GSI Welcomes a Legendary Guitar as Francisco Tárrega’s 1883 Antonio de Torres “SE 49” Arrives in Our Showroom!
There aren’t many instruments in the history of the classical guitar of similar importance as the 1883 Antonio de Torres SP/MP previously owned by the great Spanish composer, Francisco Tárrega. Tárrega, who is also commonly known as the father of the classical guitar, owned only three guitars in his lifetime built by Antonio de Torres, who is the inventor of the classical guitar in the form as we know it today.
This instrument is numbered #49 from Torres’ “Second epoch.” After Tárrega’s death in 1909, “SE 49” would be the last of the 3 Torres to be sold by his family, in 1944. According to Jose Romanillos, it seems likely that this guitar in 1883 was intended to be a fresh replacement of Tárrega’s first (and very cherished) Torres (“FE 17” from 1864). Like the 1864 guitar, “SE 49” was built with flamed maple for the sides and four-piece back, and is decorated with some of the same inlay materials in the rosette and top purfling. But “SE 49” is a slightly larger instrument than “FE 17” and was not originally fitted with a tornavoz. “SE 49” also has no decorative inlays in the head or back, but has some other surprising details, perhaps most notably the addition of “fish” MOP inlays in the wings of the bridge. This guitar, in its present state, is in excellent, concert-ready condition. The most recent repair work was done meticulously by luthier Alan Perlman, who restored the fish inlays in the bridge as well as re-secured some previous repairs in the body of the instrument. He also replaced the failing original machines with a custom set of Rodgers. His finish work was done without disturbing any of the existing thicknesses and to avoid removing any wood – most notably, Alan took extra care to mask off several areas where Tárrega’s famous “cigarette” burn marks were still present in the wood and treat them with utmost care as to not remove them.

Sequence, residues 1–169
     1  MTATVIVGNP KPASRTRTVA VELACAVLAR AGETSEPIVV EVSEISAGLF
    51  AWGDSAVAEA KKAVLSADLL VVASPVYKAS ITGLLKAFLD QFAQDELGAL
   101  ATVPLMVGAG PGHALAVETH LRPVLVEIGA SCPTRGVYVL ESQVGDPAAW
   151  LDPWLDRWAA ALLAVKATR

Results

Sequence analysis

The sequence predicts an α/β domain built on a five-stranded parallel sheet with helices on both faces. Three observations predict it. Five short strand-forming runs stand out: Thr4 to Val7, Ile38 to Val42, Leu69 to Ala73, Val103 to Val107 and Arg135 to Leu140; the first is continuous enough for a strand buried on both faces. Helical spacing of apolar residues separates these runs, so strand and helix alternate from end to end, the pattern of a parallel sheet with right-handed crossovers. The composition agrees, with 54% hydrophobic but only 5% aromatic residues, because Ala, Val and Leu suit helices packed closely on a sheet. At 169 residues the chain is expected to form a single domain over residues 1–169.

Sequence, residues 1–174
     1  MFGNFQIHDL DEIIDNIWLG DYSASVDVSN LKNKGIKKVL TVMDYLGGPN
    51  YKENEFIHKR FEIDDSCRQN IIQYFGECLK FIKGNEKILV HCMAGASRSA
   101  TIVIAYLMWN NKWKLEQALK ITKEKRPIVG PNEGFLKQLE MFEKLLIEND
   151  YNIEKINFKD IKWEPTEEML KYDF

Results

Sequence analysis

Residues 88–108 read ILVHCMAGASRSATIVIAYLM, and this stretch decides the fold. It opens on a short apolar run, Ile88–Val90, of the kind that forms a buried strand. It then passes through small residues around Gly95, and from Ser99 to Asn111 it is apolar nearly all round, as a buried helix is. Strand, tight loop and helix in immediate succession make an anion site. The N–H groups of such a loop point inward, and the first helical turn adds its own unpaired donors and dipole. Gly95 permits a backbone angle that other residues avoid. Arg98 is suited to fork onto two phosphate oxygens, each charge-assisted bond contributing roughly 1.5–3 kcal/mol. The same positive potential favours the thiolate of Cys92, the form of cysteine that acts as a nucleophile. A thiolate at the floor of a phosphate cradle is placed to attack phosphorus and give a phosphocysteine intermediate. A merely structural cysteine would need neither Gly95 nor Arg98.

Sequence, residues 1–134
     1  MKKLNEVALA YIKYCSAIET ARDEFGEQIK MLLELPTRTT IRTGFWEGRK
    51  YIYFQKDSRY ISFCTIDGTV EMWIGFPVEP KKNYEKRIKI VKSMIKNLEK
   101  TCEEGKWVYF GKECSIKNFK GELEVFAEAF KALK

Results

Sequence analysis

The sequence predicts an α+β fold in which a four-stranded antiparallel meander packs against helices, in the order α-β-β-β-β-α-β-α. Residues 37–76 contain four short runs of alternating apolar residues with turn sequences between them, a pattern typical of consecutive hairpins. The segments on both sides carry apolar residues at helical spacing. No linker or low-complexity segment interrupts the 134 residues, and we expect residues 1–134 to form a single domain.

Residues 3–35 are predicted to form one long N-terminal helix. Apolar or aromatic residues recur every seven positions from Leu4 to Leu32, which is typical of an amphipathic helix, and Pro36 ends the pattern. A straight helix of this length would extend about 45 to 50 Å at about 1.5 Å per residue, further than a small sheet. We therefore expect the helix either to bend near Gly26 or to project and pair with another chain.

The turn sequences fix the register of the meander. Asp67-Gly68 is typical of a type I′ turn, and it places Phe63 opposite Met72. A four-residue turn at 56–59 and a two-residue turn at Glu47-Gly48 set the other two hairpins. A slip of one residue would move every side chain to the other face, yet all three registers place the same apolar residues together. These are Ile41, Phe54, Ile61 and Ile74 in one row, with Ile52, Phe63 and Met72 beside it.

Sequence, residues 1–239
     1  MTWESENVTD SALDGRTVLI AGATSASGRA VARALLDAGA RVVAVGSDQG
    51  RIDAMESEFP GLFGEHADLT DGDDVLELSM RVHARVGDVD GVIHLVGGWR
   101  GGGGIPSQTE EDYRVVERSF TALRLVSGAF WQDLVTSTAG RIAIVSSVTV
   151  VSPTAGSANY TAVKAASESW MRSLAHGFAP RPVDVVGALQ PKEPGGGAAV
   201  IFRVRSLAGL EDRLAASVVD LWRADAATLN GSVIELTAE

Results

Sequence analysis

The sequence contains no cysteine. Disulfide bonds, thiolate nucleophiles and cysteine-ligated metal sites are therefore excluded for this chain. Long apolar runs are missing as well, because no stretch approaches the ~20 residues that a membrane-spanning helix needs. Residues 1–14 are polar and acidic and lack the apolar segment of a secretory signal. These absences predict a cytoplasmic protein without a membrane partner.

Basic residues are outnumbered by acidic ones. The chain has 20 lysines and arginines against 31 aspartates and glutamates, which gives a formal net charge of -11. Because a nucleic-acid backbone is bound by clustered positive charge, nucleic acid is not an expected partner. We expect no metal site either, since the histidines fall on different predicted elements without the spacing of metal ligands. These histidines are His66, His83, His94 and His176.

We’re very proud and honored to have this guitar in our collection here at GSI. Since up to now the guitar has never been presented to a larger audience in detail, we’re planning to demonstrate, film, and showcase hoping to do justice to its legacy as one of the foundational instruments in the history of classical guitar.
Click on the button below to see this instrument in our collection.
For more information on the life of Antonio de Torres, be sure to read this short biography and this excerpt about the Torres sound from the Jose Romanillos book, “Antonio de Torres”. We also have an interview between Pepe Romero and Kenny Hill about the master luthier.